Yoga, excellence in action?

In Bhagavad Gita, The Song of the Soul, yoga is described as excellence, or skill, in action: ‘yogaḥ karmasu kauśalam’ (2.50). Despite how simple this phrasing sounds, these three terms denote one of the most nuanced and fundamental concepts to yogic living.

Teaching one of my first yoga classes in Goa.

When I first heard ‘excellence in action’, I admit that my first thoughts were, ‘Oh, so yoga must make you fitter, smarter, or just better’. The word ‘excellence’, after all, reminded me of external goals and of my own competitive nature.

Yet, as I have since discovered, nothing in a yogic text has a single, literal meaning. All quotes and aphorisms that we might cherrypick denote a broader philosophical and experiential context that is learned by osmosis over many years.

As my yoga practice has matured, I have learned what yogah karmasu kausalam means beyond external definitions of excellence. My interpretation will continue to evolve throughout my life but the time feels right to share my current progress.

Yoga is excellence in action not because you, {insert name}, become excellent. On the contrary, yoga is excellence in action because excellence is enacted through you.

Let’s remember that ‘yoga’ (from ‘to yoke’) means ‘union’. So excellence in yogic terms cannot be about individual achievement. Yoga is a practice wherein ‘you’ become a channel for something greater, something excellent.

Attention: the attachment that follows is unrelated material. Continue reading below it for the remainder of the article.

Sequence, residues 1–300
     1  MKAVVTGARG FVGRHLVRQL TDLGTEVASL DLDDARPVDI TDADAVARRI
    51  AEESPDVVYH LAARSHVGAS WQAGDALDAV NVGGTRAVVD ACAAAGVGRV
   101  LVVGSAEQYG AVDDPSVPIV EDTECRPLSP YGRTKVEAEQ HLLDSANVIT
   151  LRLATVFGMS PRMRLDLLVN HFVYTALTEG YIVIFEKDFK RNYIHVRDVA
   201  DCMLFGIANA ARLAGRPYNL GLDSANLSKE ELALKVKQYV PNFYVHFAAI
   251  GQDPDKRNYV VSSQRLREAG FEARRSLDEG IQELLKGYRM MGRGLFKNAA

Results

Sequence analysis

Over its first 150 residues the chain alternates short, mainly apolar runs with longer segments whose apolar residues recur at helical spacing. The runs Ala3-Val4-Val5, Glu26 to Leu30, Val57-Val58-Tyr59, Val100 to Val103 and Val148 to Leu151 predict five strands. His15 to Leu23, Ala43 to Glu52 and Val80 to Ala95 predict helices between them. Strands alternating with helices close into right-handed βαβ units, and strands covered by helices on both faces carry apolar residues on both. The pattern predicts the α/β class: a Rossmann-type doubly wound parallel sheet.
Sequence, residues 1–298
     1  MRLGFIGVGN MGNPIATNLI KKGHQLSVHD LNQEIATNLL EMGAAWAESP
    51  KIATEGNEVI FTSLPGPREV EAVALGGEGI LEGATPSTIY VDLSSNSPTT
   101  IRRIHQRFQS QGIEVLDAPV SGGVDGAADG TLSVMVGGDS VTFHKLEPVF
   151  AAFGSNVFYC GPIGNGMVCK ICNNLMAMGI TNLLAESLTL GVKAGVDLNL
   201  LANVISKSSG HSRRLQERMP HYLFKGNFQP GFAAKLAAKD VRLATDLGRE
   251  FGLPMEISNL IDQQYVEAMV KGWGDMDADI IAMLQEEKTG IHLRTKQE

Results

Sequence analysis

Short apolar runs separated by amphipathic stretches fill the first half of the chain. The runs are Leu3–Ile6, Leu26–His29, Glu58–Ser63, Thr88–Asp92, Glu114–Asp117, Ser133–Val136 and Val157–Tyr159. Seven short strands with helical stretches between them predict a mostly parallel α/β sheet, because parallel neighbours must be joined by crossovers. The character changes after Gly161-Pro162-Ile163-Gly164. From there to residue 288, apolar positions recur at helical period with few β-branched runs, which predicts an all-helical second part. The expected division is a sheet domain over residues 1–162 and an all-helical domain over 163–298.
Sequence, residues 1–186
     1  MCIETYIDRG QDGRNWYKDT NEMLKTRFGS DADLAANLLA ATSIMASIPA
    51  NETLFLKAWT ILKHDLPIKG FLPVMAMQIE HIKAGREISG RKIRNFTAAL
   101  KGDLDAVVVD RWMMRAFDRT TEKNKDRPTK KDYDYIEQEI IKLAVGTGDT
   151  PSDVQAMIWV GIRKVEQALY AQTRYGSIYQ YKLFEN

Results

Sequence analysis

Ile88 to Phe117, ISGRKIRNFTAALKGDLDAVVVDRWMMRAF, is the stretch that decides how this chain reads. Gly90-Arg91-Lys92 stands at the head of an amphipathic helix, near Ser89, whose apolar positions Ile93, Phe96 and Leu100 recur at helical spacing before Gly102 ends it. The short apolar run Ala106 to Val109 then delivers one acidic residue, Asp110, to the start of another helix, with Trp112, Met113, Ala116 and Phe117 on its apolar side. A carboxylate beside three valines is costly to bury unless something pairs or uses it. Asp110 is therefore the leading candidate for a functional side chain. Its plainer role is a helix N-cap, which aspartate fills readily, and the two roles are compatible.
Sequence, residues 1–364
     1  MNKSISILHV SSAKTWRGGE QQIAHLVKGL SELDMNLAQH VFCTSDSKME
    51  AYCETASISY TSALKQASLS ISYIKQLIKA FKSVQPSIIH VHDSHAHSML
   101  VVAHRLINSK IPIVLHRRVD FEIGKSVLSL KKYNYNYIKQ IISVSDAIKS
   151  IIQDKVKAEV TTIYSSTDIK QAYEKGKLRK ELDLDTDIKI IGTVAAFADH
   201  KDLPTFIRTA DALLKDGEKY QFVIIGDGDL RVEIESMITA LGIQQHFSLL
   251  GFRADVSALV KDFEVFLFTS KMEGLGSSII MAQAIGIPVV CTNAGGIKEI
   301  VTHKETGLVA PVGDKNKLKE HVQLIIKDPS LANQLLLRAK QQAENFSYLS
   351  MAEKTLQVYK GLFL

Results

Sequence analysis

Such transcendence occurs when knowledge, will and action align. This alignment can only happen, in turn, when the mental chatter and desires of daily life are quietened.

For example, when a parent manages to lift an inhuman weight in order to save their child trapped beneath, they are not operating in ‘ego-mode’. In that moment, their own ‘I-am-ness’ has dissolved and their purpose manifests as a single-pointed channel of energy.

Or, when a spiritual guide speaks, they are not speaking from a first-person perspective in the regular sense; they are drawing on an infinite well of intuition.

Further, the spiritual guide may not have prior knowledge of the messages that flow from or through her mouth. Indeed, her words of healing are often spontaneous. For the excellence that she is enacting is ‘in action’.

In sum, yoga is an intuitive process of responding to the present moment with selfless clarity.

Published by Lucy Sabin

I'm a designer who enjoys creating websites that are professional and bright with a clear message.

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